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But what else can the workers do in this situation. The answer is—Nothing. Under capitalism the workers always get the thick end of the stick. In some circumstances the workers can use the weapon of strike action to defend their standards of living and even to raise them; but when the employers have more labour-power than they can use, it is a bad time for the workers to strike. The only way the workers can bring about a lasting and worthwhile improvement in their conditions is to abolish capitalism and create, in its place, a Socialist society.

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“Towards” Equality
From 1945 to 1951 the Labour Party was in power in this country, and it constantly proclaimed that it was pushing through a social revolution. The constant reply of the Socialist Party—which looks not at what men say, but at what they do—was “what revolution?” And now the Labour Party itself seems to have come round to the same point of view. For it has recently issued a new pamphlet “Towards Equality” and in it is contained the remarkable admission that after six years of Labour Government “half Britain’s wealth is still owned by one per cent. of the population while half the nation own little more than their personal and household effects” (Reynolds News, 8-7-56). This pattern of property-distribution—with the small Capitalist class owning vast amounts of wealth, and the large working class owning hardly anything—is the same as it was in 1945, before the Labour Party came to power, and in 1951, after it had carried through all its reforms. The Labour Party made no change at all in the Capitalist nature of society; it turned various industries over from private to State Capitalism—but Capitalist they remained. Has the Labour Party learned anything from its failure in 1945-51? Judging by the pamphlet, it has not. The old panaceas are trotted out—better pensions, higher family allowances, industrial democracy (whatever that might be in a capitalist society)—they are all there. The Labour Party has nothing better to offer than further doses of the reformist medicine which (as its pamphlet now virtually admits) failed so abysmally last time.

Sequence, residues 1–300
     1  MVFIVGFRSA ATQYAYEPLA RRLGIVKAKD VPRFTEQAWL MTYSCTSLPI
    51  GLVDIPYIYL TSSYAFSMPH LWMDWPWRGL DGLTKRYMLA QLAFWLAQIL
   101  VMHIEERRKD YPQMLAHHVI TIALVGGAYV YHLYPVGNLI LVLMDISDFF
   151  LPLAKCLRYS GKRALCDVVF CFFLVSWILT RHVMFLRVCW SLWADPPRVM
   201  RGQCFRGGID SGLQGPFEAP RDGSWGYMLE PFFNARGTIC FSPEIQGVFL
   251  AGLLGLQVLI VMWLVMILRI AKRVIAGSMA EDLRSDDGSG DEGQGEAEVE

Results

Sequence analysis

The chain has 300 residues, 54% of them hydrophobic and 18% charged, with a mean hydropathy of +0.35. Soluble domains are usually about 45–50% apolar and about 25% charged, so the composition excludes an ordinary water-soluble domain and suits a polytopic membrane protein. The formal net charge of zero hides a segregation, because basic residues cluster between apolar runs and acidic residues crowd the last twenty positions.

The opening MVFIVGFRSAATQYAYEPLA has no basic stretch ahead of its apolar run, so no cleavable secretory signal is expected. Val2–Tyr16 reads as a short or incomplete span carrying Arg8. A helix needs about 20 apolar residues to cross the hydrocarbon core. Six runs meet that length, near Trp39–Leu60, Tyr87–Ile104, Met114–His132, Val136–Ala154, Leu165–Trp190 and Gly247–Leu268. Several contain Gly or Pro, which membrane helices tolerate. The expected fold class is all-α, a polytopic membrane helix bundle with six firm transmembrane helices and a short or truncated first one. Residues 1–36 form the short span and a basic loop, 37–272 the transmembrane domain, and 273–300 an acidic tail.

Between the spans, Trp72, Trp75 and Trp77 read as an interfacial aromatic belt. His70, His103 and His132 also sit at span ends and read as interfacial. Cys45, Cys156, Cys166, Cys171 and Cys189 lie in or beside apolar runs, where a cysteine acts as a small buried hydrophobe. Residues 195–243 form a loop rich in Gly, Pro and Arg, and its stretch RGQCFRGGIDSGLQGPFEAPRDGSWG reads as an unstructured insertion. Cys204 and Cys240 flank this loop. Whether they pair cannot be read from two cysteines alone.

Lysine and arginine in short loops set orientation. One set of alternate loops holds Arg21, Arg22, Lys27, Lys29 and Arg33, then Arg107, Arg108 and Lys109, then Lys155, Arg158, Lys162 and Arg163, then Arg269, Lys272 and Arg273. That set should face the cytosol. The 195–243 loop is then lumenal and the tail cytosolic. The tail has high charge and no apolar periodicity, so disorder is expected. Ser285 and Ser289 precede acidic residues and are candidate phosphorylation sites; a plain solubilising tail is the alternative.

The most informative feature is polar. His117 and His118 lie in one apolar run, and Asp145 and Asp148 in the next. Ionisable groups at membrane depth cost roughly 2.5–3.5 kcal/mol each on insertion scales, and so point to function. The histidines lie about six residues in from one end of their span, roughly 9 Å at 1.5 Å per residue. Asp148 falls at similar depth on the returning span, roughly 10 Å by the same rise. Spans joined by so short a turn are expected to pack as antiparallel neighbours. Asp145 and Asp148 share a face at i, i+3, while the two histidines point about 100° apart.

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Touching Tale
From the Evening Standard, 21-6-56:

“The 71-year-old Duchess of Leinster has been telling my reporter why she has settled in Jersey, where income tax is 4s. in the pound and where there are no death duties. It is, she said, ‘a mother’s duty.’
“‘Living here is my only chance of helping my children,’ added the Duchess. ’If you have got any feelings for your family, you will do everything possible to safeguard their future.'”

The older members of the working class who are now surviving (living is too strong a word) on the Old Age Pension, and who would be profoundly thankful to have an income on which it was possible to pay income tax, may be interested to hear about the Duchess. It is clear that this kind of parental affection is confined to members of the upper class. You never hear of aged workers retiring to Jersey on the grounds that red wine is 3s. 6d. a litre, expensive cars cost £700 less than in London, and petrol is a third cheaper—further reasons given by the Duchess for her move. But though driven from her homeland by excessive taxation, the Duchess is still one jump ahead of the workhouse. Her son-in-law and daughter (the Duke and Duchess of Bedford, as readers will know), bought the 24-roomed farmhouse where she is living for £18,000, and are spending £10,000 on renovations.

“In a fortnight’s time the.Duchess is going away on a 10-week caravan holiday on the Continent. The 18-foot caravan has been built to her design. Her chef and his wife will be going, too.”

Which forms a pleasant contrast to the charity Day’s Outing to Southend, which is the corresponding treat enjoyed by aging members of the useful class in society.